By D.K. MATAI
Powerful social media sites like Twitter, Facebook, and YouTube remain blocked in China. China will have to concede defeat much sooner than it realizes in its war against the free access to global information.
The more zealous Beijing becomes about censoring the internet, the more it risks turning the public against its policies. Millions of people within China, including expatriates, human rights activists, and dissidents are already using tunneling software applications to engineer their daily “Great Escape” from China’s stringent security systems.
This casts doubt on whether China can really maintain control of which sites its 380 million internet users visit each day. Far from being just a cyber squabble, Chinese leaders will learn that they may no longer be able to repel an overwhelming tide of free – and unfiltered – global information.
A growing number of companies are taking advantage of the exploding market to circumvent internet censorship by providing tunneling networks, such as virtual private networks (VPNs), proxy servers, and onion routing.
These methods give web surfers a secure way to log-on and safely access the internet in such public places as hotels, bars, and coffee shops by letting users “tunnel” through to a server in a country that does not share China’s internet restrictions. Then the tunneling network encrypts information under an anonymous computer address to prevent monitoring by policing authorities. The use of such networks is greatest amongst expatriates.
Non-Chinese citizens living in China are accustomed to unrestricted and unencumbered access to their favorite websites and, as a result, are not prepared to tolerate a watered-down internet. The expatriates use the VPNs as their lifeline connection to family and friends back home.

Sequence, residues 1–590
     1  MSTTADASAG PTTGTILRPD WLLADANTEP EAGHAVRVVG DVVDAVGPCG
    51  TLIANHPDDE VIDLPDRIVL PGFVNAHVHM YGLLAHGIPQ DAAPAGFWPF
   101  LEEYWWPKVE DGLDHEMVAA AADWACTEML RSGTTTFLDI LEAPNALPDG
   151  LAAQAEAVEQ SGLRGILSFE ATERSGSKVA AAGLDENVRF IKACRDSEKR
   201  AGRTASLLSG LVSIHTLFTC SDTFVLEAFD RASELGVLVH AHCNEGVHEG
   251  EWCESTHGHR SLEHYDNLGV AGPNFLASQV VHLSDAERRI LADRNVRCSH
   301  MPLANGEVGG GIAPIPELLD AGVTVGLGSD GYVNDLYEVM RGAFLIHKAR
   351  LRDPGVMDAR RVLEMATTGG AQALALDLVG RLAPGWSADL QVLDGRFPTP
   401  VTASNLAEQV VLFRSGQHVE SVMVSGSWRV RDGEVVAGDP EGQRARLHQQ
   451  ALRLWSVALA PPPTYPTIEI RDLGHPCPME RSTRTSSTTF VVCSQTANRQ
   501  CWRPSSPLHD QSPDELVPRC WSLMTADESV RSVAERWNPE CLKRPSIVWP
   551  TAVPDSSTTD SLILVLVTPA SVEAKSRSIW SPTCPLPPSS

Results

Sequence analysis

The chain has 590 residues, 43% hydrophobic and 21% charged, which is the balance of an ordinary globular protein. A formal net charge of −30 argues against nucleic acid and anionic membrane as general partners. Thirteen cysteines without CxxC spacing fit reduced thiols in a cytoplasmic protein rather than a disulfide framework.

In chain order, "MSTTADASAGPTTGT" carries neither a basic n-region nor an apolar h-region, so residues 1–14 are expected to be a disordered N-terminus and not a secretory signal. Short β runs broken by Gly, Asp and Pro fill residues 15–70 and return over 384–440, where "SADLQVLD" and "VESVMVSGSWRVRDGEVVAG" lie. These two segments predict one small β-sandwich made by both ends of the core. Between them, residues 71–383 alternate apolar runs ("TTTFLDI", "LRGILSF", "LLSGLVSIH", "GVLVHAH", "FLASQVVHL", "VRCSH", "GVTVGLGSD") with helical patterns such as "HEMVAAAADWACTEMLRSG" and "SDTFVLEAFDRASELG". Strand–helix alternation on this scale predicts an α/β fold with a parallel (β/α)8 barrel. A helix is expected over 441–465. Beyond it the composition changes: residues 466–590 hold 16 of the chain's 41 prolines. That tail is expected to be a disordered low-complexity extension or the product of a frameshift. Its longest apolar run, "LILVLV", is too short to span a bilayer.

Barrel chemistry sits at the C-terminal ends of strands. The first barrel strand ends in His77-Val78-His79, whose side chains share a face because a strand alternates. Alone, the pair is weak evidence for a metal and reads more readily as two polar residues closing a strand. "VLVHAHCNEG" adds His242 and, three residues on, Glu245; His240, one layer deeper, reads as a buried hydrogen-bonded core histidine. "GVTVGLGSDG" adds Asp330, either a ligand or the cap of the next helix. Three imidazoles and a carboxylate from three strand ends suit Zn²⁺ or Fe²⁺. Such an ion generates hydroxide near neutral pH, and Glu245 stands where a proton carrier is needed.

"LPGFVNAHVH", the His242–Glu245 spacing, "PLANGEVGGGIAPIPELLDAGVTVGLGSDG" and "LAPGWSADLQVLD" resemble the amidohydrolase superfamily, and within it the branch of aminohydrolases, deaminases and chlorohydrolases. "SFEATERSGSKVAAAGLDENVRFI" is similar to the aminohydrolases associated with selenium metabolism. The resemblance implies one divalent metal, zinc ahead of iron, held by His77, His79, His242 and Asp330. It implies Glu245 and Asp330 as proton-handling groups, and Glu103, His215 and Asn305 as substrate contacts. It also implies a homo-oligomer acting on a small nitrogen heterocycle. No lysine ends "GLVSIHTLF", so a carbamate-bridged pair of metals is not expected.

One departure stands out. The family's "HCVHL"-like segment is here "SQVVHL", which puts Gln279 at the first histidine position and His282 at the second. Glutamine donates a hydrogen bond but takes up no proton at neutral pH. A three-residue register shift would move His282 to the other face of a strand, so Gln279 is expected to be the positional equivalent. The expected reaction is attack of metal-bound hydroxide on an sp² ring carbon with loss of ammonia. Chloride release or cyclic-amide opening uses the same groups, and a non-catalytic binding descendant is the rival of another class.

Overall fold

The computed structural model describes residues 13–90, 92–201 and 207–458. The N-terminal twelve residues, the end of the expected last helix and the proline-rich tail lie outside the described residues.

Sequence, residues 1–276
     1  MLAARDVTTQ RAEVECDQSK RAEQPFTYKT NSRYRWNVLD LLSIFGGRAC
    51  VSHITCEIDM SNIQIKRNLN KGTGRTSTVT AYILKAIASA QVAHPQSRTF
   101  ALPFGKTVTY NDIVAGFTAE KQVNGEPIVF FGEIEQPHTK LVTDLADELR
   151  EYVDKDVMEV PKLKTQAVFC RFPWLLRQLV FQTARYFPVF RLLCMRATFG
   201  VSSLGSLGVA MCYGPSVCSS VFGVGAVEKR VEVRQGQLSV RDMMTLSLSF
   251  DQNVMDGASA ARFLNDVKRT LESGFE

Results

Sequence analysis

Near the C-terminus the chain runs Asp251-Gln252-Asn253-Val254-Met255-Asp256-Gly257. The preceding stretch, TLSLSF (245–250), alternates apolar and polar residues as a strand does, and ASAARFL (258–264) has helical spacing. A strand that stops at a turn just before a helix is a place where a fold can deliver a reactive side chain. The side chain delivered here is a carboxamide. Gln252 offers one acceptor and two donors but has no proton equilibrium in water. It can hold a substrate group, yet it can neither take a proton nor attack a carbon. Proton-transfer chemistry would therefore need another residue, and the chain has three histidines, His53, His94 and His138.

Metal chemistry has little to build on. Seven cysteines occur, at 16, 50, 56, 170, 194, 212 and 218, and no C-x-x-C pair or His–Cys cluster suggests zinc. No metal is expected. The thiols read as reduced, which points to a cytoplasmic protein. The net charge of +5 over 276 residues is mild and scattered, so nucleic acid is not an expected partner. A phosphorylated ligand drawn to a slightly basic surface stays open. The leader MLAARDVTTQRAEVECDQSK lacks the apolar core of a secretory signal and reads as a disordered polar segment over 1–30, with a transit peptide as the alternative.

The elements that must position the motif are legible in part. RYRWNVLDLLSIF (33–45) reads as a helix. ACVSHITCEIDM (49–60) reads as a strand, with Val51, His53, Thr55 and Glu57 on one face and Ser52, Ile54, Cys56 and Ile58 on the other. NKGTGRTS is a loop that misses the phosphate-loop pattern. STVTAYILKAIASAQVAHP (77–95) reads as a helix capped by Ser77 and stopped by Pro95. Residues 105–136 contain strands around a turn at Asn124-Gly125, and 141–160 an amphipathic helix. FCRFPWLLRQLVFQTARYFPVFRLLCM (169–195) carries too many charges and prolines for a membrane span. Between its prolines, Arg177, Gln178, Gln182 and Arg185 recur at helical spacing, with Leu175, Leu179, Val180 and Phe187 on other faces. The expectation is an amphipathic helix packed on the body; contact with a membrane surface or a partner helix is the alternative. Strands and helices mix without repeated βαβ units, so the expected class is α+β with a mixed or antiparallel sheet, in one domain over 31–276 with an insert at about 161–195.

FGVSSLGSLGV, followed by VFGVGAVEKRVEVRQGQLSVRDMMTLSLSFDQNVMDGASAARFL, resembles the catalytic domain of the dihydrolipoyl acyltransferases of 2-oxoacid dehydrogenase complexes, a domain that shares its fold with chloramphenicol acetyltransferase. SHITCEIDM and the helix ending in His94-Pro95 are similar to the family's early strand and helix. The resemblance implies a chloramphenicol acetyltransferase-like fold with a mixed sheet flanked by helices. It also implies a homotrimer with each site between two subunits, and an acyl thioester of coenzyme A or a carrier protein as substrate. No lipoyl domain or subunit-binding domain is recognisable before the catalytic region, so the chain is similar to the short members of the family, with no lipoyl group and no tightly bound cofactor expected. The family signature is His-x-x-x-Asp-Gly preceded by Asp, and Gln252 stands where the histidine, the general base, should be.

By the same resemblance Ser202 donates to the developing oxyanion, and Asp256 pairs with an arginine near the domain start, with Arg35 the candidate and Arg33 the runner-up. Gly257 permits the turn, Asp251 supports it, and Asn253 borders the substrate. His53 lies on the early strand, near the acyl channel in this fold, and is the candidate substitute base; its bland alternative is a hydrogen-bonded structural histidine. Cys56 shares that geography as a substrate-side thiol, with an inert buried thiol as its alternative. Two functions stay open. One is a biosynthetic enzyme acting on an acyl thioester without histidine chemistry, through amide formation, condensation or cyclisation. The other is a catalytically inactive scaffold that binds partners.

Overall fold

They, alongside millions of angry Chinese citizens, are doing anything it takes to make sure that they use emerging technology to tunnel through The Great Firewall of China or to “Fanqiang”, i.e., scale the wall.
Law of Diminishing Returns
The best censorship is the kind citizens do not know about. Some 60 countries currently censor the internet – up from 37 in 2008. Iran began blocking the popular social networking site Twitter last year in the aftermath of its controversial presidential election because the prolific use of social media by ordinary citizens helped them carry out their in situ live broadcasts of atrocities.
All the recent troubles in China have made the government’s cencorship more public. Public knowledge undermines the goal of censorship becuase it encourages more and more people to seek ways to circumvent it. A very public conflict with Google is one of the last things China’s central government could wish for.
If China hopes to be viewed as a world-class international player, it is going to have to think about waving the white flag in its war against the free access to global information and the internet. Otherwise, Beijing will simply prove that it doesn’t understand what its people values: the free flow of information.
Internet Freedom for Humanity
U.S. Secretary of State Hillary Clinton has recently underscored the importance of the freedom of the internet. Worldwide information is now reaching many more global citizens at a faster rate than ever before. Innovations like broadband networks, wireless access, and smart-phones are intensifying these accelerating trends. As emerging markets gain muscle, and as wages grow, the world shrinks for most of humanity.
A growing population in China and other countries with censorship policies – including the Islamic world – are likely to demand full internet access. The Great Escape has begun and sovereign nation-states will not be able to stop it.
While nations can control what they give to their citizens, they cannot control what their citizens seek!
***Posted March 1st, 2010